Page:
Foundational (GOF) design patterns

Gang-Of-Four also called as foundation patterns are the 23 basic design patterns that provides solution to common recurring problems in software design. They categorized into three major categories, based on behaviour and characteristics.

  1. Creational patterns
  2. Structural patterns
  3. Behavioral Patterns
  4. Creational patterns

1. Creational design patterns

Creational patterns governs object-creation mechanisms that enable greater levels of reuse in evolving systems.

Abstract Factory Provides an interface for creating families of related or dependent objects without specifying their concrete classes.
Builder Separates the construction of a complex object from its representation so that the same construction process can create different representations.
Factory Method Provides a way to use an instance as an object factory. The factory can return an instance of one of several possible classes in a class hierarchy, depending on the data provided to it.
Prototype Prototype is used when the type of objects to create is determined by a prototypical instance, which is cloned to produce new objects. In a simpler term, using prototype pattern, we will create new instances through cloning existing instances.
Singleton Singleton pattern ensures at most one instance of a particular class is ever created in your application.

2. Structural design patterns

Structural design patterns are design patterns that helps to identify a simple way to realize relationships between entities.

Adapter Convert the interface of a class into another interface clients expect. Adapter lets classes work together that couldn’t otherwise because of incompatible interfaces.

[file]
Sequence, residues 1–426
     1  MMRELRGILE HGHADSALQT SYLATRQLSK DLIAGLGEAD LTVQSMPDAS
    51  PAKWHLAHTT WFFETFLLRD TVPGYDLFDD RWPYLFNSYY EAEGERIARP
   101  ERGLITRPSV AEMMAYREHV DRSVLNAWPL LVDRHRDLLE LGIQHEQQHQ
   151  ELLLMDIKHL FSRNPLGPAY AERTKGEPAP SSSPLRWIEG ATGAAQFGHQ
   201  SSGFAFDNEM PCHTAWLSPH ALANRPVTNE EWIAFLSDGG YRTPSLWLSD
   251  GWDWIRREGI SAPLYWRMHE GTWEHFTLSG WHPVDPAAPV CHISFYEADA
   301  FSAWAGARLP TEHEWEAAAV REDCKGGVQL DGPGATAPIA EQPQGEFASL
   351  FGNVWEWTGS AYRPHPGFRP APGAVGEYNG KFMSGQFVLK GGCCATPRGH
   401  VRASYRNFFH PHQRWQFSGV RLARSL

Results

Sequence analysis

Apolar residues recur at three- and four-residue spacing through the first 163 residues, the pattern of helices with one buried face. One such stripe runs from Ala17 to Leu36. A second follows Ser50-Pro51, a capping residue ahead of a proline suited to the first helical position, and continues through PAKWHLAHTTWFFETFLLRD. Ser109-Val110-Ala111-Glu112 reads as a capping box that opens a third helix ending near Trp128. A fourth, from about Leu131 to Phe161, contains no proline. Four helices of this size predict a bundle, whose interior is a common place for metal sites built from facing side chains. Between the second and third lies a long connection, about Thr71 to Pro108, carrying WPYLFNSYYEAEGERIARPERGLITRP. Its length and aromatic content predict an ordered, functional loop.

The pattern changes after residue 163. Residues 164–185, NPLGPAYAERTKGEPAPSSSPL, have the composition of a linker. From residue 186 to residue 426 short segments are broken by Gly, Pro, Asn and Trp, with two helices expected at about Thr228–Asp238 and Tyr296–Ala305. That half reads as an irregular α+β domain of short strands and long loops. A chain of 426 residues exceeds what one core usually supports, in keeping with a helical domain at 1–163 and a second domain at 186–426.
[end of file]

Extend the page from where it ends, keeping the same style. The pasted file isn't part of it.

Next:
Bridge Decouple an abstraction from its implementation so that the two can vary independently.
Composite Compose objects into tree structure to represent part-whole hierarchies.Composite lets client treat individual objects and compositions of objects uniformly.
Decorator Allows for the dynamic wrapping of objects in order to modify their existing responsibilities and behaviors.
Facade Provide a unified interface to a set of interfaces in a subsystem. Façade defines a higher-level interface that makes the subsystem easier to use.
Flyweight Facilitates the reuse of many fine grained objects, making the utilization of large numbers of objects more efficient.
Proxy Allows for object level access control by acting as a pass through entity or a placeholder object.

3. Behavioral design patterns

Behavioral design patterns identifies the common communication patterns between objects.

Chain of Responsibility Gives more than one object an opportunity to handle a request by linking receiving objects together.
Command Encapsulate a request as an object, thereby letting you parameterize clients with different requests, queue or log requests, and support undoable operations.
Interpreter Given a language, define a representation for its grammar along with an interpreter that uses the representation to interpret sentences in the language.
Iterator Provides a way to access the elements of an aggregate object without exposing its underlying representation.
Mediator Allows loose coupling by encapsulating the way disparate sets of objects interact and communicate with each other. Allows for the actions of each object set to vary independently of one another.
Memento Captures and externalizes an object’s internal state so that it can be restored later, all without violating encapsulation.
Observer Observer design pattern defines one-to-many dependency between objects in which one object changes state, all its dependents are notified.
State Allows an object to alter its behavior when its internal state changes. The object will appear to change its class.
Strategy Defines a set of encapsulated algorithms that can be swapped to carry out a specific behavior.
Template Method Defines the steps for an algorithm and allows subclass to provide implementation for one or more steps.
Visitor Allows for one or more operation to be applied to a set of objects at runtime, decoupling the operations from the object structure.


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